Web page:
Thought for the day:
Now think about your day-to-day life in Columbia/HoCo. Could you function without a car?
I don’t think I could. I’m fortunate to live within walking distance of a grocery and pharmacy, but, every place else I need to go requires a car and/or isn’t served by public transportation. I don’t mean to suggest that this is true for everyone, but it almost seems as though our slogan could be, “Howard County: You Can’t Get Over There From Over Here.”
And it’s not just the way our county is laid out, the availability of public transportation, or infrastructure to support pedestrians and bikers. It’s attitudes.
There’s a pretty deeply held assumption that owning a car is a prerequisite. If you don’t have the wherewithal to own one you are deemed to be a lesser member of society.
I thought that I was above such attitudes until recently. I belong to a local Buy Nothing group on Facebook where members can ask for items they need or post items they are ready to part with. If an item is “gifted” to you then you go to that person’s house and pick it up. (It’s rather like Freecycle. But more fun.) I began to notice that some requests for items came with the caveat: I will need a delivery. Something about that made me uncomfortable.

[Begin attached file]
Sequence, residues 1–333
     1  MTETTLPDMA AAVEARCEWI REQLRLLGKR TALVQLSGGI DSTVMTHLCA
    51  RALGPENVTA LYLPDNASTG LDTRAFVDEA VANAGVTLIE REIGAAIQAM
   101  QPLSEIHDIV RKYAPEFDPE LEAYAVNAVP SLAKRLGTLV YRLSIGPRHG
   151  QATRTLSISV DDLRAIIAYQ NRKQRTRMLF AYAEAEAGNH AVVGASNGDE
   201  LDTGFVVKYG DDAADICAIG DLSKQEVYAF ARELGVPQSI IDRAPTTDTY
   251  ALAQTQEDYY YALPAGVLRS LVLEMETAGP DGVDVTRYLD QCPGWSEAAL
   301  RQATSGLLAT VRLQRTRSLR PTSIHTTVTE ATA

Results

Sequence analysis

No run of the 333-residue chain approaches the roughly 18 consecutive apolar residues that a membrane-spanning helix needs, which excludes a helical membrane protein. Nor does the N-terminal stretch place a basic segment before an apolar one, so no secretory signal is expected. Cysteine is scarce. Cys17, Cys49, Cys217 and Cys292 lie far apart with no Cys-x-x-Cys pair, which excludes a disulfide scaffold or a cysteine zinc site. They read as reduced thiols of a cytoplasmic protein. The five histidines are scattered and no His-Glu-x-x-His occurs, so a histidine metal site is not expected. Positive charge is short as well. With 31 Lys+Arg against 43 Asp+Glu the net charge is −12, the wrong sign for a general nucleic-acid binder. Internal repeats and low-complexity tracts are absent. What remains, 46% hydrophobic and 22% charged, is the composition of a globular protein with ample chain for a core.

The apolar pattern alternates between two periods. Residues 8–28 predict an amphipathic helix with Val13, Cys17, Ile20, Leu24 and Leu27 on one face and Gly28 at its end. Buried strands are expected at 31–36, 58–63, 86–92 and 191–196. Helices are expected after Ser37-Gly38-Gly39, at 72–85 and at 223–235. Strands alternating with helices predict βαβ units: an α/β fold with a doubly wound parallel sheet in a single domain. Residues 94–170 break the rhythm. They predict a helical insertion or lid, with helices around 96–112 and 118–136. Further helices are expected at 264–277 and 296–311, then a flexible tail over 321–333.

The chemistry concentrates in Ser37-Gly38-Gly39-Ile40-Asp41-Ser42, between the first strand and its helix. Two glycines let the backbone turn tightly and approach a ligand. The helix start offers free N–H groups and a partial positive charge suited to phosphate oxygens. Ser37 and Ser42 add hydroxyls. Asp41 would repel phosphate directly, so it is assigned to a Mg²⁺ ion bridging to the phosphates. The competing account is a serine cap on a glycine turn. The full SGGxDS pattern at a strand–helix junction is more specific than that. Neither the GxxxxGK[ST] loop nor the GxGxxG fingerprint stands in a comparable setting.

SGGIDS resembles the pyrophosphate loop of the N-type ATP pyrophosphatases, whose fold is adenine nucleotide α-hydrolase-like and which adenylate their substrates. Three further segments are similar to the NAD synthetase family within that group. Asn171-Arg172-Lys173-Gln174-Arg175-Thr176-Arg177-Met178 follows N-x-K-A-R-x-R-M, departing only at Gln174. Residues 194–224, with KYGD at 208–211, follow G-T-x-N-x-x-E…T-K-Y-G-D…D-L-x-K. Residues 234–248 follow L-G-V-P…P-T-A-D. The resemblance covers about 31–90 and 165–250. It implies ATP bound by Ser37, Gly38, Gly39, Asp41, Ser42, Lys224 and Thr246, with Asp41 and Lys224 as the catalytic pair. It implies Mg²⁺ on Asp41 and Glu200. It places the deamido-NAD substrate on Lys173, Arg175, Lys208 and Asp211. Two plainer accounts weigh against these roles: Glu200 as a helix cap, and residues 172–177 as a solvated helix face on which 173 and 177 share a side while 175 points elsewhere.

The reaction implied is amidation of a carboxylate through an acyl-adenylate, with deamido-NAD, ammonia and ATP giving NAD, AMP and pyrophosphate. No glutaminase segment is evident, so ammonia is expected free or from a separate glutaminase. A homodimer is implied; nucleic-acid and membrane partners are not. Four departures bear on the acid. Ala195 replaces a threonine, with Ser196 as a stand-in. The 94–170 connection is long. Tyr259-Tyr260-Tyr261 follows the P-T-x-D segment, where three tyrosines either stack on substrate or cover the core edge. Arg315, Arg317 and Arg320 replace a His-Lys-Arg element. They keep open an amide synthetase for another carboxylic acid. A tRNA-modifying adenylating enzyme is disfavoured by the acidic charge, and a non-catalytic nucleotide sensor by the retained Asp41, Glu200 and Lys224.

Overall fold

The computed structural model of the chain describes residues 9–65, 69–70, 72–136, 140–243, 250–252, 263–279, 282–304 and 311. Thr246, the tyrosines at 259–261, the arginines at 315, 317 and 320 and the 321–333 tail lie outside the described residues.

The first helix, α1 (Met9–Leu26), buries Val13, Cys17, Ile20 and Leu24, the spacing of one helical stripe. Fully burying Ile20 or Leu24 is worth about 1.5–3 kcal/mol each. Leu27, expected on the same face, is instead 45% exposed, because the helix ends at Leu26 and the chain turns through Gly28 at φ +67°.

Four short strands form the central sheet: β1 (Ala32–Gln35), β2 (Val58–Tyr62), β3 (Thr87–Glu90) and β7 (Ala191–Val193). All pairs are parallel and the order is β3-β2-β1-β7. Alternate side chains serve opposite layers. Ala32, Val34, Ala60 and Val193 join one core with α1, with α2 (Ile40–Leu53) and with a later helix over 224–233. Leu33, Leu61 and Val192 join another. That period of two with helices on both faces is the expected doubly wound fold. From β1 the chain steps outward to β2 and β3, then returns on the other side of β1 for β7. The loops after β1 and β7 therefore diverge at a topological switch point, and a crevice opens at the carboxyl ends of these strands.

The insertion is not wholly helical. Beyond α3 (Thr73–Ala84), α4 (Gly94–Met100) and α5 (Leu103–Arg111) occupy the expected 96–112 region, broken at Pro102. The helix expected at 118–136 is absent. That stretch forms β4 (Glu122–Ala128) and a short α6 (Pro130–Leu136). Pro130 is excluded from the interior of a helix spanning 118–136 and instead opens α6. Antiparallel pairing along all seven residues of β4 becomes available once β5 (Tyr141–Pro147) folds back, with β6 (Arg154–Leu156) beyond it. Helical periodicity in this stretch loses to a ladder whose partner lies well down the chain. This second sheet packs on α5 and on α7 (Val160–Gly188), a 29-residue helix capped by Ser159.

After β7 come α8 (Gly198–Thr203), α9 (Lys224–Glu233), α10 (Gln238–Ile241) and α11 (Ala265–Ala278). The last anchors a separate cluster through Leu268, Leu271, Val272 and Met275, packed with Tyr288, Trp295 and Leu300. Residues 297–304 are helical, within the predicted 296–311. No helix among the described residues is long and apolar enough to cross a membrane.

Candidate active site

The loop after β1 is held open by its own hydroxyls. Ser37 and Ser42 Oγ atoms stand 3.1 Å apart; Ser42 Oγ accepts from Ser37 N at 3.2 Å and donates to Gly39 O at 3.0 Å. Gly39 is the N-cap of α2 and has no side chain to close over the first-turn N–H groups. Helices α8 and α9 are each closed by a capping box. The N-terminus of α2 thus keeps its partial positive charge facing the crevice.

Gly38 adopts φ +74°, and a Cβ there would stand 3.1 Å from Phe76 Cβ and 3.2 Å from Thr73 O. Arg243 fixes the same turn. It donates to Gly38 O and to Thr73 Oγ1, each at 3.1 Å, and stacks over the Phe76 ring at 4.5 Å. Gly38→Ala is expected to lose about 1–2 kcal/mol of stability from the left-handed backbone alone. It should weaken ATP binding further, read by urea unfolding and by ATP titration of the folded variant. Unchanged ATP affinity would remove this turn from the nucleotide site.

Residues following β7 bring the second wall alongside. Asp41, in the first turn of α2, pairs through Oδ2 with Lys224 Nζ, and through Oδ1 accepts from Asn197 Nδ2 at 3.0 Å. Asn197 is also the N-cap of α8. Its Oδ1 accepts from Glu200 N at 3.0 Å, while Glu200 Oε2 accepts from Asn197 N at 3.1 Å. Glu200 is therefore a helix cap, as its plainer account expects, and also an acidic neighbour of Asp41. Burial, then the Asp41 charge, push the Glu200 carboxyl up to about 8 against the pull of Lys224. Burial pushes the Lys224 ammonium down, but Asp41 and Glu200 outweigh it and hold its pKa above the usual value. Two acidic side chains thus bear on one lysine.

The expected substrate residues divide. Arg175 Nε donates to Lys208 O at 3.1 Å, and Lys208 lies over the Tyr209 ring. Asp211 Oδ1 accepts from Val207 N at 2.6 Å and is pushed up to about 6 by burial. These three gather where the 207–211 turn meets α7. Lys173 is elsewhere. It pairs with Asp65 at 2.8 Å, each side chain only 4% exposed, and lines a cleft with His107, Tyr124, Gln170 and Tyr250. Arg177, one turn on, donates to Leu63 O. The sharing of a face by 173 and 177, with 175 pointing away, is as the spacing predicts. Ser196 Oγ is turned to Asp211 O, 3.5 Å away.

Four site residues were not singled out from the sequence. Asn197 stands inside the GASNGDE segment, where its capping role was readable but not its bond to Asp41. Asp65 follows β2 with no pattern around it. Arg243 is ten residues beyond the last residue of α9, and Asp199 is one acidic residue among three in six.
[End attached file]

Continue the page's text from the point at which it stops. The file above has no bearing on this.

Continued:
I realized that somewhere inside I had a resentful response. A little voice in my head was saying, “Why should you get a delivery when the rest of us have to go pick up? Isn’t that cheating somehow?”
Wow, that’s an ugly little voice.
Over time I have seen the admin of the page make it clear that all members are valuable and to be respected, whether they have cars or not. If it works for you to deliver to someone, that’s all a part of the Buy Nothing Process. If you aren’t able to deliver you can post a request for the Gift of Time to see if someone else can deliver it.
There’s absolutely no judgement. I had learned something about giving and about community I hadn’t even known I needed to know. And something inside me relaxed.
Until this experience I would have sworn I harbored no prejudice towards those who don’t have cars, but that wouldn’t have been exactly true. It’s funny how some things are ingrained in you and influence your judgement while you don’t even know they are there.
Back to the tweet from Secretary of Transportation Pete Buttigieg. Could that statement ever be true in Columbia/HoCo? How would we make it true? What would need to change the most: our physical layout/infrastructure, or, our attitudes?